Revelation 4:1-3 (NIV)We saw a rainbow this afternoon. It was not the strongest I’ve ever witnessed, but for a good while you could see the entire arc from one end to the other. It happened to be hanging above a beautiful little lake in a wonderfully landscaped yard complete with a waterfall bubbling into a pond with real frogs inside. Suffice it to say our children were enthralled.
After this I looked, and there before me was a door standing open in heaven. And the voice I had first heard speaking to me like a trumpet said, “Come up here, and I will show you what must take place after this.” At once I was in the Spirit, and there before me was a throne in heaven with someone sitting on it. And the one who sat there had the appearance of jasper and ruby. A rainbow that shone like an emerald encircled the throne.
The more I thought about it, the more I wondered if this might have been the first rainbow Jack had ever seen. Certainly it’s true for Charlie, and I don’t ever recall sharing the experience with Max, either. Jack is eight years old now, so it seems unlikely he’s never seen a rainbow before today. But to my memory he’s never seemed to care.
The occasion was a gathering at the home of one of our church’s pastors, a large collection of couples with young children who might want to get involved in some sort of small group during the next few months. Two of the other couples from our own small group were present, in part because we fit the demographic, in part because we might be able to get involved with a new group without leaving our original collection and in part because it takes very little prodding to get any of us to open up about the incredible benefits we reap from being involved with these people.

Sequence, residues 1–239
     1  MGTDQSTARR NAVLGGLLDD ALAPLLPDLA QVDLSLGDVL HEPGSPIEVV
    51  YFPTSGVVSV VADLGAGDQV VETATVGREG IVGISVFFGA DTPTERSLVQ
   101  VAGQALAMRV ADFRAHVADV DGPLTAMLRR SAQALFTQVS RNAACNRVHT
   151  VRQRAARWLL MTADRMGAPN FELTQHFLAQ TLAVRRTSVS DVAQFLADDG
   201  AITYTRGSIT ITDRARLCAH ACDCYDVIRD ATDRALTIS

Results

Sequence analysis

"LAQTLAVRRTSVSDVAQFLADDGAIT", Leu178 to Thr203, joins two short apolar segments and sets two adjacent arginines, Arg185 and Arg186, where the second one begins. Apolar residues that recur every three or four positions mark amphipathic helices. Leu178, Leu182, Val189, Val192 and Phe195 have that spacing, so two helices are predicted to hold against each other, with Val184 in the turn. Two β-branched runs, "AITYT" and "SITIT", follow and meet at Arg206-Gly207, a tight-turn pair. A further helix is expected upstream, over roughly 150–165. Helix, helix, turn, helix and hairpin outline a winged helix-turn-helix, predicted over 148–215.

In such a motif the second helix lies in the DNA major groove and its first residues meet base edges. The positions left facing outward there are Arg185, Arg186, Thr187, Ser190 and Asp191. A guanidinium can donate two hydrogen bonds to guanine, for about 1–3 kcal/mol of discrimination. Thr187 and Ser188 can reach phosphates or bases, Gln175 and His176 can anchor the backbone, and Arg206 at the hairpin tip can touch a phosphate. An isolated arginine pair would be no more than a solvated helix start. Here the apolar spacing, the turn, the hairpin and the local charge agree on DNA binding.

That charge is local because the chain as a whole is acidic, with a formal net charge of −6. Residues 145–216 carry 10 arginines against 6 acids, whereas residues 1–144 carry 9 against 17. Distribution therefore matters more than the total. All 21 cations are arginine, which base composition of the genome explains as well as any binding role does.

We first started meeting in the fall of 2009. There are four charter member couples, though nine or ten have come in and out over the last three years. Of all of those folks, if I am counting properly, there have been five babies born in just the last three years, and 15 children total. Our kids don’t have cousins, but I feel so blessed to have all of these other little people (and their parents!) in our lives — it’s groups like this that give credence to the adage friends are the family you choose.
I don’t know as if there’s any one story that explains why these people are so valuable to us, as a couple, as parents, as Christians — everything. Kristie has a good way of putting it when she expresses how good she feels knowing there are so many people who know us well enough and care about us enough that if anything serious should ever happen, they would immediately spring into action to create a safety net. When practical, we’ve listed each other as emergency contacts on our kids’ school paperwork. When we’re at church on Sunday, it’s not unusual for one of the younger kids to end up in my arms, or for an older one to tug on my pant leg and say, “Um, do you know where my mom is?”
When we moved away from Kristie’s hometown, off on our own for real for the first time, we didn’t know anyone. For all practical purposes, we had no neighbors. I made great, lifelong friends at the newspaper, but they were not family types with young children. We tried various churches with varying degrees of success, but we spent most of our time isolated or traveling to her parents’ house or mine.
When we moved here, close to my hometown, we quickly became involved in the church of my youth, where my parents have been members for three decades. And there were lots of folks there we knew well because they have been family friends for years and years. But they were all a generation removed. So while it is incredibly comforting to have so many experienced parents and grandparents keeping watch over our kids as they tear through the halls and go through Sunday school programs, it wasn’t until we found this small group that we actually made friends — our own friends who know us first and my parents second. Friends who use our Christmas cards to teach their kids how to say our boys’ names. Friends who loan us DVD players so we can drive to North Carolina for Thanksgiving with minimal tantrums. Friends who let us be open and honest and happy and sad and know what we like and what makes us worry and congratulate us when things go well and pray for us when the road is rough.